While I consider myself a fairly seasoned PR pro, I certainly don’t hold the secret recipe for client happiness. There are a lot of variables involved in the client-services industry – boards, budgets, staff, strategic shifts – all of which affect the relationship between you, our clients, and us, your PR firm.
What we can control is results. But what are the results that matter most to you? Sometimes figuring that out is half the battle. Certainly some of our clients directly tell us that they want a story on NPR. But, more often than not, the real expectations are implicit, rather than explicit. For example:
Client Says: “Our previous firm brought us three opportunities a week.”
We Hear: “You are expected to bring us AT LEAST three opportunities a week.”
Client Says: “Whatever happened to that interview we did with John Smith?”
We Hear: “Could you please reach out to John Smith and find out when we can expect an article featuring us?”
Client Says: “Did you see that Competitor X is speaking at the biggest industry trade show?”
We Hear: “Please get me a speaking spot at this and all other key trade shows ASAP.”
These are just a few examples. We have a few ways to figure out what you’re asking for, whether you are asking directly or not:
- Hang out: The better you know someone, the better you are at identifying their implicit expectations. The more time we can spend with you, the easier it is for us to tell when a colleague is muddying the waters or the product team is getting anxious for that review to hit. We relish in taking clients to lunch or happy hour to build a comfortable relationship with mutual trust and understanding.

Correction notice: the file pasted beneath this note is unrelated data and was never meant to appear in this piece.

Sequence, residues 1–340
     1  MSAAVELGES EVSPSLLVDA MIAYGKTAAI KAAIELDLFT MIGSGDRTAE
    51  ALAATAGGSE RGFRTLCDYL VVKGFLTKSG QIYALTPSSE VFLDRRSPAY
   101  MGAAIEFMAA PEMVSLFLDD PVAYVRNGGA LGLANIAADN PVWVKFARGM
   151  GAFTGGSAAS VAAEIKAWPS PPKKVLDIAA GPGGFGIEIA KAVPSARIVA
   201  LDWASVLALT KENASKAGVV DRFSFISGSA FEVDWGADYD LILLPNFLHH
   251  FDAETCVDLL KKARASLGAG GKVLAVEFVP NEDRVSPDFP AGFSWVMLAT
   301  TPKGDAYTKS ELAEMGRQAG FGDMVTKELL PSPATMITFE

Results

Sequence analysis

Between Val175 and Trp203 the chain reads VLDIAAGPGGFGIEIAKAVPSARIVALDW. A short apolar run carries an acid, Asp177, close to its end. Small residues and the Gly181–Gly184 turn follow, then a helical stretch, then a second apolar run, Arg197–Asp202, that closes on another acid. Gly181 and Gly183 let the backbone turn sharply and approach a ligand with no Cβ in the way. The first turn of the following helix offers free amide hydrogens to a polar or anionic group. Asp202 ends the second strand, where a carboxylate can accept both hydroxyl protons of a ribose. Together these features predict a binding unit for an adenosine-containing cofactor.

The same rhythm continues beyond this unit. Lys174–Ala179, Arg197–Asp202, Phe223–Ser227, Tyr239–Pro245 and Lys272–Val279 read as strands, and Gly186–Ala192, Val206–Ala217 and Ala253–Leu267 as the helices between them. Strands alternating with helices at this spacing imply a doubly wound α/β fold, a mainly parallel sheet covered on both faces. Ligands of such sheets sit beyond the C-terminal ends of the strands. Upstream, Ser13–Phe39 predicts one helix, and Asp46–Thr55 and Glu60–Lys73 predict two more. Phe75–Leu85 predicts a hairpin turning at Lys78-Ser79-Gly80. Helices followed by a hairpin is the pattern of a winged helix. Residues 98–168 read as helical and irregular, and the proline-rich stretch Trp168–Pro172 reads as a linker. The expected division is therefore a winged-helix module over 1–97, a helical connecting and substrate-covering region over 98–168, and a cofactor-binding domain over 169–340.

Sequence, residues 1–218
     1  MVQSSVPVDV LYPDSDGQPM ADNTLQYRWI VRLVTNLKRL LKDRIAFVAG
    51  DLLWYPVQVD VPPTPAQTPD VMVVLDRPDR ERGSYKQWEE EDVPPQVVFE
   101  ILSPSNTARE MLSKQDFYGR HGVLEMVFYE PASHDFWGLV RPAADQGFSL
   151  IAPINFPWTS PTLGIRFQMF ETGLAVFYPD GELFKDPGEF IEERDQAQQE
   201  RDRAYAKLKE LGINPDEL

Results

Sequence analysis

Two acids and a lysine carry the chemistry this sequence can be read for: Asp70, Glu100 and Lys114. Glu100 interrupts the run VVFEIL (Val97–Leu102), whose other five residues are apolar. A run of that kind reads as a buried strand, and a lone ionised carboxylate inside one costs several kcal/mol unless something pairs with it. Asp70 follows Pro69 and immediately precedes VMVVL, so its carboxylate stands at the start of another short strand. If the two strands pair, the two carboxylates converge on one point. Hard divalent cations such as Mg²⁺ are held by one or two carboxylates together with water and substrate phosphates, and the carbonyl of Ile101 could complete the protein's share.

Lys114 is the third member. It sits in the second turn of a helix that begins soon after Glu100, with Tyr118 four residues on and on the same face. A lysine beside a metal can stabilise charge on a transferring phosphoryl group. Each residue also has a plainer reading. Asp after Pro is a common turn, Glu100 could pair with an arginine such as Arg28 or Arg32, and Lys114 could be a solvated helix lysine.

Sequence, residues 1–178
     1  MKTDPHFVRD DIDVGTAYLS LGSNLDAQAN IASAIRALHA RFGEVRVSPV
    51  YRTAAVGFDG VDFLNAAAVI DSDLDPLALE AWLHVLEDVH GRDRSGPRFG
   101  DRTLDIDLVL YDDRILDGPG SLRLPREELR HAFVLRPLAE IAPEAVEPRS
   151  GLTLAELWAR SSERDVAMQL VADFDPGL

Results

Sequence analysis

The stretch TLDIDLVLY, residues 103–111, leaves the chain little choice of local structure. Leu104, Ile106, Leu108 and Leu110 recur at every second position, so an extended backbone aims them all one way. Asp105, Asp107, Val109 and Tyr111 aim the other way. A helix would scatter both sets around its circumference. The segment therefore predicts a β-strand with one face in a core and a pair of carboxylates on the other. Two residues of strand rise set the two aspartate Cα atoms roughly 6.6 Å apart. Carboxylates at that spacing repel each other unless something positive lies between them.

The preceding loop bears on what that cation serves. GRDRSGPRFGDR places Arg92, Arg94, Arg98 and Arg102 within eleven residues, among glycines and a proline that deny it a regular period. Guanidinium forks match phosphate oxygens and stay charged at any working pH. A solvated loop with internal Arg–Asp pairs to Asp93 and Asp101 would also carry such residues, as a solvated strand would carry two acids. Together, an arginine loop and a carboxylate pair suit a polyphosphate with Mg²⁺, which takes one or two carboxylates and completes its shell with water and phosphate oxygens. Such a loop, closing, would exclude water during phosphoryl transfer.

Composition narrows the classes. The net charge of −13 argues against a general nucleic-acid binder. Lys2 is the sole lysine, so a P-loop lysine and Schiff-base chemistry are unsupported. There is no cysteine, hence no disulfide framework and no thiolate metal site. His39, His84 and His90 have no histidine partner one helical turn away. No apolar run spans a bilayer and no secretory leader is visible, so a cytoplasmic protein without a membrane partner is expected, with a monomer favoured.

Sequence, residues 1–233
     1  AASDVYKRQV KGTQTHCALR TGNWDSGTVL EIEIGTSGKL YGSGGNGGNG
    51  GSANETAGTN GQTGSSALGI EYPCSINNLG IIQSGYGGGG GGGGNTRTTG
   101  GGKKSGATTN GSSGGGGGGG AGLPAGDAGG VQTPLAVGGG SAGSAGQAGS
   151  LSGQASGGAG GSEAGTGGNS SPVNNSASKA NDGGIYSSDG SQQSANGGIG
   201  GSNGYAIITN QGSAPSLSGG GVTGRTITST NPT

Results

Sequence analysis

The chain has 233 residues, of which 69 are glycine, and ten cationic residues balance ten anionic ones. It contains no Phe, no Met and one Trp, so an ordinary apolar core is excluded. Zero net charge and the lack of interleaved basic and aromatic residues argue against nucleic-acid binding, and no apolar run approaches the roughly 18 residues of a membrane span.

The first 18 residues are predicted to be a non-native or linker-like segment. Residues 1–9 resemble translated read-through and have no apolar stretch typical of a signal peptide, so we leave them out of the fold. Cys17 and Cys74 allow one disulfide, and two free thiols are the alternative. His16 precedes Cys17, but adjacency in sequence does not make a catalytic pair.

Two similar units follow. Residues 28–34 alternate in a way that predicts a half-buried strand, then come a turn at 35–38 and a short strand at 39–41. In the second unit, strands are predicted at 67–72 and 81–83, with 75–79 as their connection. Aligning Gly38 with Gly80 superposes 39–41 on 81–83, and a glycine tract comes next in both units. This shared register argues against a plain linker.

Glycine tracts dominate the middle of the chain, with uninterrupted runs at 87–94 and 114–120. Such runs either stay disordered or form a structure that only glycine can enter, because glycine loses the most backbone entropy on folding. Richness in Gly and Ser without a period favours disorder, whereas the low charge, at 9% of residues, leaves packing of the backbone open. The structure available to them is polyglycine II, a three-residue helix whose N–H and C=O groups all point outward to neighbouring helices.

- Just ask: Sometimes having an honest conversation about the work we’re doing (or, more importantly, not doing) can help clarify what you want. And this is the type of strong relationship we try to build with all of our clients. Weekly, monthly, quarterly, and yearly check-ins with our client present good opportunities for this earnest dialogue.
- Listen to EVERYTHING: Not every conversation with a client is focused on the scope of work. Sometimes expectations will come out as a sidebar in another meeting or conversation we have with them (or they are having with someone else). As an integral part of your team, we strive to soak up all the information we can to best serve your needs.
- Know the boss: Our clients look to us to help them look like rock stars to their bosses. Both our client and our team needs to understand as much as we can about the goals of the organization as a whole and have a good grip on how success is measured. Including your boss in meetings with the agency not only helps us better understand him or her, but we can also help identify what he or she expects.
Certainly, if navigating client relationships was easy, we would all be millionaires. But building a good agency-client relationship is a labor of love that helps us stand out from the competition.